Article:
In general, the Romanian M&A market seems to favour completion accounts. The landscape differs, however, when it comes to distressed transactions, where the locked-box mechanism represents the norm. This mechanism is mostly used by sellers with negotiation power, but also for declining businesses.

In addition, we have started to identify an increased interest for earn-outs, rollovers or deferred consideration as a result of uncertainty caused by the covid-19 crisis and its lasting impact on the M&A market.

Fraudulent conveyance

What rules govern fraudulent conveyance of distressed assets sold undervalue in your jurisdiction? How can clawback risks be mitigated when negotiating the deal price?

As a general rule, fraudulent transactions entered into within the last two years prior to the opening of the insolvency proceedings may be challenged if they were detrimental to the creditors. For fraud to exist, it must be proven that the company acted in bad faith, with the purpose to prejudice its creditors and to obtain for itself or for another person an undue advantage. It is sufficient that the fraudulent intent existed in respect to the company and that the action was detrimental to the creditors, irrespective of the other party’s knowledge.

For example, the following transactions may be set aside:

  • gratuitous transfers if they occurred within the last two years prior to the commencement of the insolvency proceedings;
  • if the consideration of, or the performance rendered by, the company manifestly exceeds the performance of, or goods received by, the counterparty, if such occurred within the last six months prior to the commencement of the insolvency proceedings;
  • deeds concluded within the last two years prior to the commencement of the insolvency proceedings with the clear intent of putting assets beyond the reach of creditors, harming the creditors in any other way; or
  • using ruinous means to procure funds for the debtor for the purpose of delaying the cessation of payments (case law examples of ‘ruinous means’ include the conclusion of loan contracts with a higher-than-market interest rate or the sale of assets at a price significantly below market value).


Clawback implies actions to recover those transferred assets, or if not possible, their monetary value as of the date when the challenged transfer occurred. The judicial administrator or liquidator may bring an action seeking to annul certain transactions within one year of the judicial administrator’s or liquidator’s report detailing the reasons for insolvency. However, any such action must be brought within the absolute time limit of 16 months from the commencement of the proceedings.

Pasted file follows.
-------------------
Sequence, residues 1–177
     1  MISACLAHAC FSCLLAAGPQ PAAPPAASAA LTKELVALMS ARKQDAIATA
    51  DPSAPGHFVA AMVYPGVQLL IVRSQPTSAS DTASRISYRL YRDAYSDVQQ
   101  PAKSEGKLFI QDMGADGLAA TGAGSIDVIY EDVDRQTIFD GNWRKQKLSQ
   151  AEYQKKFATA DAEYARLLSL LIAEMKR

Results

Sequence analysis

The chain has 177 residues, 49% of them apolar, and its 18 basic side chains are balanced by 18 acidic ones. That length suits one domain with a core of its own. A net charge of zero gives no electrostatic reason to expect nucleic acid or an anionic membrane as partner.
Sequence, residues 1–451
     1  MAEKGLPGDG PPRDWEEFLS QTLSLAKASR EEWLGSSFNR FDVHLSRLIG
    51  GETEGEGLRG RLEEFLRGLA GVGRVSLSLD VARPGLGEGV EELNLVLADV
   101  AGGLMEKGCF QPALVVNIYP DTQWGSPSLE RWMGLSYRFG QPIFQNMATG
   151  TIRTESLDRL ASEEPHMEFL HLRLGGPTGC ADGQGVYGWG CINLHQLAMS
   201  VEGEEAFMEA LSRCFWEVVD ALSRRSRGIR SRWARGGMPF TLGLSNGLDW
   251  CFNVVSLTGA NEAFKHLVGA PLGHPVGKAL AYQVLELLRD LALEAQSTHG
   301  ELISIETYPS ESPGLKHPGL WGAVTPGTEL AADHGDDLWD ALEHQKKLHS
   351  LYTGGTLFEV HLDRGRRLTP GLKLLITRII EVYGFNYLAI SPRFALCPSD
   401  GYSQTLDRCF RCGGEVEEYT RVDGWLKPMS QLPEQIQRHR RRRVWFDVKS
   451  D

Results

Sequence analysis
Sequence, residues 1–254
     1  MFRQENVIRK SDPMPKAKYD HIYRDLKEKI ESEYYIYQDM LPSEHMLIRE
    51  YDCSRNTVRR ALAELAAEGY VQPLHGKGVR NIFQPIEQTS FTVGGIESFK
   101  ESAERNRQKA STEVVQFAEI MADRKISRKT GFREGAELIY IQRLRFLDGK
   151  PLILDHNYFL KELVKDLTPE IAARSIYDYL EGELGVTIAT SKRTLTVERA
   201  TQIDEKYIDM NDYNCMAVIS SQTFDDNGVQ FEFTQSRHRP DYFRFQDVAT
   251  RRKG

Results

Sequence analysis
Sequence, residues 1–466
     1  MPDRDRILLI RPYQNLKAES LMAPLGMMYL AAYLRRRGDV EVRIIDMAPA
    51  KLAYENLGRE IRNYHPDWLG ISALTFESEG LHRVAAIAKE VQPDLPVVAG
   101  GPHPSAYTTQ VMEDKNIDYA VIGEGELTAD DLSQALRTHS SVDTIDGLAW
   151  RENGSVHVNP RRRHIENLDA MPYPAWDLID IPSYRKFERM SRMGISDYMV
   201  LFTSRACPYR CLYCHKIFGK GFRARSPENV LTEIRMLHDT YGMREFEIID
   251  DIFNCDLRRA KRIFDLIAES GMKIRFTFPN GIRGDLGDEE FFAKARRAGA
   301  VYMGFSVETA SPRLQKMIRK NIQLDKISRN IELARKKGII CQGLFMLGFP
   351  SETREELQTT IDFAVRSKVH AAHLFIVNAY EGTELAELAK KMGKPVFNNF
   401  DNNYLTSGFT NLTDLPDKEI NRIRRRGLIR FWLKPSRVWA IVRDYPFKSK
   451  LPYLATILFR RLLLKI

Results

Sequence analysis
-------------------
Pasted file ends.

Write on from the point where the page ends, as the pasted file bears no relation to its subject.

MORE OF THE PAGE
What forms of financing are available and commonly used in distressed M&A transactions? How can financing be secured?

Securing financing for a distressed business is a critical part of a successful restructuring. Without such financing, the business may be unable to meet liquidity constraints, or to implement its restructuring plans.

In a distressed M&A transaction, local banks are typically reluctant to provide financing without considerable financial support from the shareholders or the buyers’ support. In general, the buyer must finance a significant portion of the required financing itself, while the banks will only cover a reduced part of the amount necessary to fully reorganise the business of the distressed entity. In addition to standard securities over the company assets or shares, such as first rank mortgage, banks also request additional reassurance from the purchaser by securing assets or shares within the purchaser’s group.

Commonly, bridge financing is used in distressed M&A transactions. Since distressed M&A deals are subject to timing constraints, buyers may resort to short-term loans or use fund-level debt financing. Covid-19 has had an effect on pricing and the leverage offered by debt providers, but the leveraged finance market still looks open for the right type of deals.

Pre-closing funding

What provisions are typically agreed to secure pre-closing funding of distressed businesses and assets?

Purchasers are not typically willing to provide any funding unless they have reached closing. Debt term sheets or equity commitment letters are negotiated for closing or post-closing funding. We have, however, seen cases where pre-closing funding was also provided to ensure operational costs until closing.


Closing conditions

What closing conditions are commonly agreed in distressed M&A transactions? How do these differ from non-distressed transactions?

Acquisition agreements in distressed M&A deals are usually subject to very limited, if any, closing conditions, with the most common being:

  • mandatory and suspensive regulatory conditions such as merger control clearance;